PBMC Chemotaxis Assay

PBMCs, freshly isolated using Lymphoprep (Nycomed, Oxford, UK), were resuspended in RPMI containing 10% FCS to a final concentration of 5 × 106/ml. The stimulus for chemotaxis was 600 μl of concentrated conditioned medium from L591, L591 SD3 cells, and RPMI with 10% FCS. The conditioned media were concentrated 20-fold using Centricon Plus 20 (5000 NMWL) concentrators (Fisher Ltd., Loughborough, UK). Conditioned media were preincubated for 15 minutes at 37°C in the presence or absence of blocking anti-CCL20 antibody (MAB360, R&D Systems). PBMCs (5 × 105) were added to the transwell culture inserts (no. 3421, 5.0-μm transwell polycarbonate membrane; Corning, Birmingham UK) and incubated for 4 hours at 37°C in 5% CO2. Migrated cells in the lower chamber were counted and the chemotactic index expressed as the ratio of cells that migrated in the presence of conditioned medium compared to those that migrated in the presence of RPMI plus 10% FCS alone.

Flow Cytometry

Aliquots of total PBMCs before transwell analysis, and aliquots of migrated and nonmigrated PBMCs were washed and resuspended in cold phosphate-buffered saline (PBS), and then stained with monoclonal antibodies (CD4-FITC, CD25-Pcy5, or Pcy5 isotype; all Beckman Coulter, High Wycombe, UK), for 20 minutes at 4°C. For FOXP3 analysis, cells were washed, fixed, and permeabilized using the FOXP3 kit (eBiosciences) before a brief incubation in rat serum, and then FOXP3-PE antibody (clone PCH101, eBioscience, San Diego, CA) or isotype control (rat IgG2a PE). Cells were washed in cold PBS and analyzed by flow cytometry within 1 hour (Beckman Coulter EPICS XL-MCL).

Quantitative Polymerase Chain Reaction (Q-PCR)

Each Q-PCR reaction contained: TaqMan Universal PCR Mastermix, TaqMan gene expression assay primer, and probe mix for either the target gene of interest or β-2-microglobulin (B2M) and cDNA. cDNA was prepared using AMV reverse transcriptase (Roche, Burgess Hill, UK) in conjunction with an anchored oligo-dT primer. Each sample was analyzed in triplicate. Q-PCR was performed on an ABI 7500 Fast real-time PCR system according to the manufacturer’s instructions (Applied Biosystems, Foster City, CA). Data were analyzed using 7500 Fast System SDS software 1.3.1 (Applied Biosystems), this uses the 2-ΔΔ CT method for quantifying expression relative to the B2M housekeeping control. The 2-ΔΔ CT value of L428 HL cells, was set to a relative quantity (RQ) value of 1, and all other samples expressed as ratio of this.

Ectopic Expression of EBNA1 in Cell Lines

L428 and KM-H2 cells were transfected with EBNA1 expression plasmid or empty vector (pSG5 alone) by nucleofection using the cell line Nucleofector Kit T (VCA-1002; Amaxa GmbH, Cologne, Germany) for the Nucleofector device (AAD-1001, Amaxa GmbH), according to the manufacturers’ protocol. HONE-1 or Ad/AH NPC cells (2 × 105) were plated in six-well plates for 24 hours before transfection. One μg of EBNA1 plasmid or pSG5 empty vector was precomplexed with Plus Reagent and mixed with Lipofectamine (10964-013, Invitrogen) in serum-free Opti-MEM media (11058-021, Invitrogen). The DNA-Plus-Lipofectamine complexes were added to the cells and incubated for 3 hours at 37°C after which medium containing serum was added to make a final serum concentration of 10%. Forty-eight hours after transfection HL and NPC cells were harvested for RNA extraction.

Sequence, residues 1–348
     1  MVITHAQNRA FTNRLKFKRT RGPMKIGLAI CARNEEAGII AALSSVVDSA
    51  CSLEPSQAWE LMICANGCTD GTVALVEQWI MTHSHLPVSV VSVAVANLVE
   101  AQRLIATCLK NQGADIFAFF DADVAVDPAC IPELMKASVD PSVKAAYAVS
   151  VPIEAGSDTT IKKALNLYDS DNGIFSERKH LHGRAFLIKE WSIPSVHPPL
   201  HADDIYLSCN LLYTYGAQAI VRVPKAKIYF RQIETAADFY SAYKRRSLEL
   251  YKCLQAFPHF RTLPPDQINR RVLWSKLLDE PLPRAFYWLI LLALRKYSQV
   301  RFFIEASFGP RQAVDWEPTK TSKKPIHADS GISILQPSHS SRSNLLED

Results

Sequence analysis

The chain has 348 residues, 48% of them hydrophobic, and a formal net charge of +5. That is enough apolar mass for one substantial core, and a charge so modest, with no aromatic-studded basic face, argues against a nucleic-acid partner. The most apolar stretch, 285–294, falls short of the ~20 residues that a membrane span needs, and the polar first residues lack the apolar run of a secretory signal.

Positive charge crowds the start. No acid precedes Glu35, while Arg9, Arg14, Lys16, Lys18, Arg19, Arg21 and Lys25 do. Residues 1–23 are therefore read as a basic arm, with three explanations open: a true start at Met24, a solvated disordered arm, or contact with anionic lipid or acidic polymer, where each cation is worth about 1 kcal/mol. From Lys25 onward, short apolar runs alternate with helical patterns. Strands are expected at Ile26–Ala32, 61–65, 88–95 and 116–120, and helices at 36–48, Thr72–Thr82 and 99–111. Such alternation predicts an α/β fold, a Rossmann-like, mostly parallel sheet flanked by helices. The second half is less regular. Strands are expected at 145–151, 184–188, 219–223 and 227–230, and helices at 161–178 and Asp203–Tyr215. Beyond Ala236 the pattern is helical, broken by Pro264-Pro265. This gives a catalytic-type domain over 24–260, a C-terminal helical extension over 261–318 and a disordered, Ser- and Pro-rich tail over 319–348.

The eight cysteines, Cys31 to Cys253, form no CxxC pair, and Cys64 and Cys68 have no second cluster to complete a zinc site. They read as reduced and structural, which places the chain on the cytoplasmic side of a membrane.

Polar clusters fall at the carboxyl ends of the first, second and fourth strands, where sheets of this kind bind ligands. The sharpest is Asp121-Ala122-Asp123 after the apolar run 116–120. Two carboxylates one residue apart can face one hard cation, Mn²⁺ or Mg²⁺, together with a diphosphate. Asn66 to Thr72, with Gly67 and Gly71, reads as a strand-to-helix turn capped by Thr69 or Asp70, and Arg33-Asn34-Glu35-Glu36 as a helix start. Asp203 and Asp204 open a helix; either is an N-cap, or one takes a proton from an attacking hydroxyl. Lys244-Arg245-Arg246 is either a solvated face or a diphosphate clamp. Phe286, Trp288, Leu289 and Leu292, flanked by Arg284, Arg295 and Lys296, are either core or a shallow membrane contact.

Statistical Analysis

Statistical analysis was performed in Microsoft Excel (Microsoft Corp, Redmond, WA) using either a two-tailed Student’s t-test assuming the two samples displayed unequal variance or a χ2 test.

Results

Identification of EBV-Regulated Genes in Primary NS HL and in HL Cell Lines

The transcriptional profile of 23 whole primary NS HL tumors was compared with that of purified GC B cells, the presumptive progenitor of HRS cells. Probe sets (n = 1160) (1133 named genes) were significantly up-regulated and 601 probe sets (586 named genes) significantly down-regulated in NS tumors compared with GC B cells (Supplemental Tables 1 and 2 at http://ajp.amjpathol.org). Next, we analyzed how expression of these NS-associated genes varied with EBV status using 7 EBV-positive and 12 EBV-negative tumors. One hundred forty-six probe sets (142 named genes) were significantly up-regulated, and 164 probe sets (162 named genes) were significantly down-regulated in EBV-positive NS tumors compared with EBV-negative NS tumors (Supplemental Table 3 at http://ajp. amjpathol.org). Next, to identify which of these gene expression changes arose within the tumor cells rather than within the nonmalignant infiltrate of HL, we compared the expression of these presumptive EBV-associated genes with those previously identified in a comparison of gene expression before and after the loss of EBV from the latency III-expressing NS HL cell line, L591.20 Ten were up-regulated and one down-regulated in the presence of EBV in both primary NS tumors and in L591 cells (Table 1). These genes included autotaxin (ENPP2), which we have previously shown to be up-regulated by EBV infection of HL cells.16 The remaining nine EBV-induced genes included four chemokines (CXCL9, CXCL10, CCL22, and CCL20). Quantitative PCR (Q-PCR) confirmed the up-regulation of CXCL9, CXCL10, and CCL22 in EBV-positive L591 cells compared with EBV-negative L591-SD3 cells, and in HL tissue compared with GC B cells (Supplemental Figure 1, A and B, at http://ajp.amjpathol.org).